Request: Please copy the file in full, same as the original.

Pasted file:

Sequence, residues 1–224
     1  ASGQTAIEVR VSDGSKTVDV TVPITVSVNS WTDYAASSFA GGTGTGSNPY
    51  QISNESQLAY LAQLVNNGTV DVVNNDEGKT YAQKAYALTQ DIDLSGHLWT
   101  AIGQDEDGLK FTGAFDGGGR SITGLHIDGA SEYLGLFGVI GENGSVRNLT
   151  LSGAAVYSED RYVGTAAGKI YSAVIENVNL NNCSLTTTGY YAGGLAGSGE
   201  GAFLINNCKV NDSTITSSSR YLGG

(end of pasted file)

Sequence, residues 1–224
     1  ASGQTAIEVR VSDGSKTVDV TVPITVSVNS WTDYAASSFA GGTGTGSNPY
    51  QISNESQLAY LAQLVNNGTV DVVNNDEGKT YAQKAYALTQ DIDLSGHLWT
   101  AIGQDEDGLK FTGAFDGGGR SITGLHIDGA SEYLGLFGVI GENGSVRNLT
   151  LSGAAVYSED RYVGTAAGKI YSAVIENVNL NNCSLTTTGY YAGGLAGSGE
   201  GAFLINNCKV NDSTITSSSR YLGG